Like Constant Contact, iContact has a steep learning curve and can be challenging for new users to set up. However, its premium features allow you to easily manage campaigns down to the individual level. When you’re looking to convert leads and tailor marketing messages to individuals, iContact’s incremental controls, call-to-action buttons, and auto-response tools help you achieve your purpose. Contact management tools and excellent customer support make it a good choice for small teams or startups that need to leverage email marketing to grow the business. While plans begin at $14 per month, iContact offers free trials.

Campaign Monitor

When you need analytics, social integration, and marketing tips, Campaign Monitor may be your dream newsletter client. Campaign Monitor allows you to customize two free templates for your needs and save your changes, for ease in sending out future mailings. However, you’ll need to download and import templates, which can be a bottleneck. The pricing structure allows you to pay a fee per month or per email campaign. With no free option, this may not be startup-friendly.

Strategic Brand Development

Branding is that part of your marketing plan that sets your business apart from others in your industry and lets your customers and potential customers know what’s unique about your company. Your branding can include every aspect of your business, including your logo, website design, how your employees answer the phone, your office decor, your social media pages and every public-facing aspect of your business.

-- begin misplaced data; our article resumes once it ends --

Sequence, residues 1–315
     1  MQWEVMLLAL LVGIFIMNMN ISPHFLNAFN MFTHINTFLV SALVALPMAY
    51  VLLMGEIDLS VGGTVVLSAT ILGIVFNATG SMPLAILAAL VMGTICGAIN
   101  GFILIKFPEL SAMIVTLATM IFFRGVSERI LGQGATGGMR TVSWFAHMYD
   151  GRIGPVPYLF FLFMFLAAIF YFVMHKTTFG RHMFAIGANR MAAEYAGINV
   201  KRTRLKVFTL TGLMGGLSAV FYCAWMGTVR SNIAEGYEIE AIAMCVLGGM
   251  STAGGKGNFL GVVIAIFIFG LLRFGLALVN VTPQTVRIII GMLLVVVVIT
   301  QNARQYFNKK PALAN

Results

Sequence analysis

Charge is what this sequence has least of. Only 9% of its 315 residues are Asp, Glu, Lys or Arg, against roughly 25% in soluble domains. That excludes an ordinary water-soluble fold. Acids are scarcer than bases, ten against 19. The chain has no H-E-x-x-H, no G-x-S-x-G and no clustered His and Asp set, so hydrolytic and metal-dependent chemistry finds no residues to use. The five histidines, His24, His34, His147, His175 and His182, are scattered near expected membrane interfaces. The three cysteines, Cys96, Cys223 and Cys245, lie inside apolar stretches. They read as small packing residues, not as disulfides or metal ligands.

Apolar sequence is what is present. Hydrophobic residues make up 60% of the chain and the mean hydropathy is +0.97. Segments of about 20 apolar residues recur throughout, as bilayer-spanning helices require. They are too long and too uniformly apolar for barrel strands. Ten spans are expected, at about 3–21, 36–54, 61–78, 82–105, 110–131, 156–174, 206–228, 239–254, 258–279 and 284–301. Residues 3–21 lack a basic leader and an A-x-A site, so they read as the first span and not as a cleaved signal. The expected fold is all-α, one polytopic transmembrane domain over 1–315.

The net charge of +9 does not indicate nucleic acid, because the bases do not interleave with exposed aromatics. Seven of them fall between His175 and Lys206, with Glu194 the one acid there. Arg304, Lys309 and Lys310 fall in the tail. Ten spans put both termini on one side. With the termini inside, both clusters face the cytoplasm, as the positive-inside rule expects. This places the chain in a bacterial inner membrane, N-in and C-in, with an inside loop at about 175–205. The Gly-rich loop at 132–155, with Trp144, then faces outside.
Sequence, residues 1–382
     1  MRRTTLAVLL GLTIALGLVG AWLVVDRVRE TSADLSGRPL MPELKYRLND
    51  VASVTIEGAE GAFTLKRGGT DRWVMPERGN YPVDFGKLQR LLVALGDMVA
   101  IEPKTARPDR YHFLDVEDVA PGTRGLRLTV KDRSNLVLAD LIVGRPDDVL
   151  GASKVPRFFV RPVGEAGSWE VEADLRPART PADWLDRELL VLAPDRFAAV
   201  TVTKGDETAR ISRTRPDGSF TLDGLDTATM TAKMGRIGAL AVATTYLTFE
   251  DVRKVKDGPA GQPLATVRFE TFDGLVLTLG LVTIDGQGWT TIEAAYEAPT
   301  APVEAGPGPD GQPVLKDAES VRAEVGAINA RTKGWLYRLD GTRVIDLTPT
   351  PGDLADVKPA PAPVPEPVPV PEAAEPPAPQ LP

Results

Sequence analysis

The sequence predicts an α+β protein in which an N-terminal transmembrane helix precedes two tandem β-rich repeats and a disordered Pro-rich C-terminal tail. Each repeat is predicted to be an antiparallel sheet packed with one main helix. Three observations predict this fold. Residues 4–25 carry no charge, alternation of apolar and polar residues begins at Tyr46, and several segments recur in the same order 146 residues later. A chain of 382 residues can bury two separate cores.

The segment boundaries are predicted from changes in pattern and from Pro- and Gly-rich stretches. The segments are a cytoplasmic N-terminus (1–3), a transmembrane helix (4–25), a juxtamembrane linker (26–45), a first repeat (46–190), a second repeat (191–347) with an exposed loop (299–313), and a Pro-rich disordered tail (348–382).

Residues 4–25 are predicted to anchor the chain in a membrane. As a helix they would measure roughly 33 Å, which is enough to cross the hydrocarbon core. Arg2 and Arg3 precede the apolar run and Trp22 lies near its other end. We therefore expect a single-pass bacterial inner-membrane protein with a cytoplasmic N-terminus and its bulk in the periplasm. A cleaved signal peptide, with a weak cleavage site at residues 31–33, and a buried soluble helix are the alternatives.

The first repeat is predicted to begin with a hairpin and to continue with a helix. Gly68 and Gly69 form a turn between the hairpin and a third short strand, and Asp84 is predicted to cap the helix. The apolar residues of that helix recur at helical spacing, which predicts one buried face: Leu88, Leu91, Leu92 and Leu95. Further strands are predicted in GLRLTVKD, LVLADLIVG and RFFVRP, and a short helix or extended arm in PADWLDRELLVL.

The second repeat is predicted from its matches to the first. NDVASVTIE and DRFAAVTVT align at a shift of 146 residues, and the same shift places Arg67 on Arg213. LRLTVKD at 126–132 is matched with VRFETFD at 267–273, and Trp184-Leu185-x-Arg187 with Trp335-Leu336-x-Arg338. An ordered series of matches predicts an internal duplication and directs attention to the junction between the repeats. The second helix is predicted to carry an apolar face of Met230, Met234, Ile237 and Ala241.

Every business can benefit from branding, but small businesses especially need good branding to set them apart from their competitors. Entrepreneur magazine calls developing your brand a journey of self-discovery, and that’s a good way to look at it. To get the most from your branding efforts, you need to meet with key employees and define:

  • Who is your ideal customer?
  • What makes your company unique?
  • What words and qualities do you want customers and potential customers to associate with your business?

The best brands answer those questions … and ask again and again as they grow.

Good strategic brand development